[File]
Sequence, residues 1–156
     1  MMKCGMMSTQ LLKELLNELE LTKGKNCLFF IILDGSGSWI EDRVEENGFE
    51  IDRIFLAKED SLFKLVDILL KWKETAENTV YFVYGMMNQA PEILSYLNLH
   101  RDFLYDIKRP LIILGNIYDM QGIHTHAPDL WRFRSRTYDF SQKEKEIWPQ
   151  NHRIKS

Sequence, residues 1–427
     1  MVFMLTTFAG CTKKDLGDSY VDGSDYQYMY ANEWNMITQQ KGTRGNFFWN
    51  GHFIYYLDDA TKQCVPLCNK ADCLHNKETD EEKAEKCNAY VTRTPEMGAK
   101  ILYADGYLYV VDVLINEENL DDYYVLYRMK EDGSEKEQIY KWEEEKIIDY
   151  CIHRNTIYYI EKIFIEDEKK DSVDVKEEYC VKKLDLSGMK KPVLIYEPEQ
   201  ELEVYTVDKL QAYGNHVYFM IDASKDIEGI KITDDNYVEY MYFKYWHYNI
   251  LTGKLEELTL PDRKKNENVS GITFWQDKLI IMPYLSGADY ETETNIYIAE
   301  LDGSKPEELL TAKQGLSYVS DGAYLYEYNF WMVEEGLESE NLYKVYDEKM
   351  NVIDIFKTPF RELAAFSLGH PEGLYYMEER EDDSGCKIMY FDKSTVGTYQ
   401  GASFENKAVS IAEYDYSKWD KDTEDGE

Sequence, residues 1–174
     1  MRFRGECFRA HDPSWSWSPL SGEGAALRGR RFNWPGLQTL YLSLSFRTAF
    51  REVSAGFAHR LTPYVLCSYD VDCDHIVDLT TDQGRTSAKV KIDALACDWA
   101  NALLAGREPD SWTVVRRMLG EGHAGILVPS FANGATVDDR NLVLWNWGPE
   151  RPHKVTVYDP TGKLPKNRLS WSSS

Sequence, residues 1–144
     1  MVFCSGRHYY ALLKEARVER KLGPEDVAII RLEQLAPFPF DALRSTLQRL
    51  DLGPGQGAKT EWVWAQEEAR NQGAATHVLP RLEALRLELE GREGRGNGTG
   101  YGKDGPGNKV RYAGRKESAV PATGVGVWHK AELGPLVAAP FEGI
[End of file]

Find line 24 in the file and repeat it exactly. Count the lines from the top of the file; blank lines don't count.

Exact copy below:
   101  YGKDGPGNKV RYAGRKESAV PATGVGVWHK AELGPLVAAP FEGI